I believe that Paizo taking essentially zero steps towards making their product palatable to 5E gamers is the single most inexplicable move during over a decade of role-playing history.
I think Paizo was trying to make the game they wanted to play and (based on their playtest) a game they thought existing Pathfinder fans would enjoy. I couldn't really ask from more from a company.

There have been successful systems that have been released since 2016 that don't directly cater to 5E players: Savage Worlds Adventurer's Edition & Call of Cthulhu 7e are two I'm familiar with.

Maybe instead of wanting a piece of the "D&D pie" they've decided they want ice cream? I think that's a valid reason.
 

Celtavian

Dragon Lord
Yes. 12:20 is very real. Levels are very important in this game and a huge key to the balance level of this game. If you don't like level-based balance, you will not like PF2. The way they did the math based on the levels is why it runs from 1 to 20 with challenges within the recommended range working at those levels. PF2 is as far as I know the most balanced game in the history of D&D and much more balanced than PF1. They literally made balance the priority. It is enormously difficult to find an unbalanced option in PF2. It is more balanced than 5E. It runs in a very tight range.

That being said it is very easy to create creatures in that balance range. You can create any creatures of any type to be an appropriate challenge while at the same time feeling very real within the game world. If you want to create orcs to challenge lvl 15 characters, you can do so quite easily. There is no preconceived notion that all orcs are lvl 1 creatures or lvl 6 or what not. There is no preconceived notion that any creature is of a particular level. There is only the general design of the creature at a given level, then the ability to modify it to be a truly challenging and terrifying creature of any level you require. This modification is extremely easy to implement.

The spell system is far more interesting than previous editions of D&D or PF1. The four levels of success makes spell balance a little different. Sometimes even a successful saving throw can lead to problems for the target and a critical failure by a few mobs on an AoE spell can make your caster feel like a rockstar.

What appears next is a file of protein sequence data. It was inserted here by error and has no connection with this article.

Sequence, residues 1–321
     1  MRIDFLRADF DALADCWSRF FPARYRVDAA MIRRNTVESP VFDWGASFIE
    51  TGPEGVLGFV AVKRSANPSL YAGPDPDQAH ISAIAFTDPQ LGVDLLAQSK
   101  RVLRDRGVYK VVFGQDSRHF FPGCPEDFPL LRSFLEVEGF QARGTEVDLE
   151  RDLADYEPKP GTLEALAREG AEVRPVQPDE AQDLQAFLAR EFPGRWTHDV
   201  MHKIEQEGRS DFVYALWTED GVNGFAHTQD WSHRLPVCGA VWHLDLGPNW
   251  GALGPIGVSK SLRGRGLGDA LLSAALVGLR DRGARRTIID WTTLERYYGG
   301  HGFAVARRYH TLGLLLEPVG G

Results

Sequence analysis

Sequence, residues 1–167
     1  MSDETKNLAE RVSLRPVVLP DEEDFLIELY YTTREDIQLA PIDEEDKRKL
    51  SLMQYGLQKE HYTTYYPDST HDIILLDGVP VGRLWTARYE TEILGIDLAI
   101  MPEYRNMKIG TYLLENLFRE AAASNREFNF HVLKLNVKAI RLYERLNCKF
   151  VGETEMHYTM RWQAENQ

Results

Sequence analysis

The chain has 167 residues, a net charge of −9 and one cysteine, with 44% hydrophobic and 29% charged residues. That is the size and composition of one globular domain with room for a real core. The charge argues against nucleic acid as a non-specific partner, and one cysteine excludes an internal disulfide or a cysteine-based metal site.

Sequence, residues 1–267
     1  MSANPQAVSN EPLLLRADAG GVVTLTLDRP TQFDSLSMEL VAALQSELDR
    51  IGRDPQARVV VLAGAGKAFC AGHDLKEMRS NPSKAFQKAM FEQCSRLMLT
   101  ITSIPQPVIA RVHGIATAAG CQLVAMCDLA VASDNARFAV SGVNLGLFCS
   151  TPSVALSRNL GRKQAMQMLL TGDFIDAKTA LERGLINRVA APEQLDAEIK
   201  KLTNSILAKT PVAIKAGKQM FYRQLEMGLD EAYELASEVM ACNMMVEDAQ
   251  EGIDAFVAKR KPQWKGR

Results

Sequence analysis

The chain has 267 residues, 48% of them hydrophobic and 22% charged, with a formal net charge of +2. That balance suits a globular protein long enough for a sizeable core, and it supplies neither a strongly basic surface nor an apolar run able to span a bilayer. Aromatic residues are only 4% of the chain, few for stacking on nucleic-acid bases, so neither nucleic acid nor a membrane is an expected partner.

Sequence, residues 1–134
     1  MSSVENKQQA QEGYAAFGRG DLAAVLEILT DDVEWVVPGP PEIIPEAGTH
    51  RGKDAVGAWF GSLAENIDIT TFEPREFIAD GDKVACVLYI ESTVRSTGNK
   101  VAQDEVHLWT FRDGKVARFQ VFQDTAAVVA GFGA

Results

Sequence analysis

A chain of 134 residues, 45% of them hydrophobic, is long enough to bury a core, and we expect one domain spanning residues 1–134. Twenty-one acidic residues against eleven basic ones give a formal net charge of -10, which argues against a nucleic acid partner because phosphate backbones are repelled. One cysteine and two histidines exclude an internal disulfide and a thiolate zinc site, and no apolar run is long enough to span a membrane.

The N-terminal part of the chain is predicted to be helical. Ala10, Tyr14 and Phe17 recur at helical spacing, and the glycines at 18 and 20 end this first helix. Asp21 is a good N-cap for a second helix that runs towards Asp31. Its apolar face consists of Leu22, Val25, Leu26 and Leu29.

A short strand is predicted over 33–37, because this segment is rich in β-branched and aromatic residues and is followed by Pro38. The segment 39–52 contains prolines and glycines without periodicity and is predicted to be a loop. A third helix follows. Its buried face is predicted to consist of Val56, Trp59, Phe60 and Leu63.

Personally I prefer the 5E casting as far as how they did heightening and spell selection. I prefer PF2 for how they did saving throws. I'm starting to get used to the incapacitation trait and seeing it isn't as much of an impediment as i thought it was.

_____

PF2 has less small details to manage than PF1. It has less preparation time. It's more balanced than any other version of D&D in history and far more balanced than PF1. It literally went out of its way to balance the math of the game to work from 1 to 20. Even the new Adventure Paths by Paizo are made to play from 1 to 20 with an entire chapter that will be played at lvl 20 including using your level 20 powers and abilities. It is balanced so play at lvl 20 is still challenging and interesting.

There are three types of modifiers: status, circumstance, and item. Everything is built around these bonus types.

Character customization is far more robust than 5E. You can build almost anything using the various systems. Now that the APG came out you can build even more concepts.

Small modifiers make big differences in PF1. When you look at something, make sure you read it carefully. A small modifier may look weak on paper, but it's quite potent and can shift damage and effectiveness quite a bit. Players need to understand how they work to ensure they use powers with small modifiers intelligently.

Martials are the primary single target damage dealers in the game. Casters are for most of their existence weak single target damage dealers, but can be really potent against AoE targets at higher level. Main thing to focus on for casters is effective action options that combine with spellcasting.

Skills are real power in PF2. You need to know what they do and use them. They work in both combat and non-combat situations.

Suffice it to say I prefer PF2. I like it better than PF1 and better than 5E. It has enough extra material to make customization interesting and yet it is so amazingly balanced that I started to homebrew again. I lost interest in 5E when allowing feats and multiclassing made Demon Lords in Out of the Abyss seem weak. I lost interest in PF1 after getting tired of the balance issues. Then PF2 came out and wow, the balance. I can actually pull a giant out of the book against appropriate level characters and quickly make a tough fight no matter how hard my players try to break the game. That means I can focus mostly on story and encounter design, while easily making monsters that challenge the players at any given level as long as I work within the recommended math range. Paizo designers must have really spent a lot of time on the game math.
 
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FrozenNorth

Adventurer
I do think Puffin exaggerated the calculations on his Ranger for comedic effect. That being said, there are a lot of on the fly calculations, and because of 4-stages of success, you absolutely have to do these calculations accurately 2-3 times per turn.

By way of example, my group played Plaguestone (so we were level 1-4), in a party that didn’t rely a lot of buffs. Even in those cases, there were generally 2-3 bonuses/penalties active on every roll. The most common were: bless, flat-footed, and cover.

Our martials tended to attack three times, so it went :

1st attack: attack roll +prof (written on the char sheet) + 2 or 3 bonuses/penalties.

2nd attack: new roll, recalculate with a -5 (or -4 if agile or sweeping against a new target)

3rd attack: new roll, recalculate with a -10 (or a -8 if agile).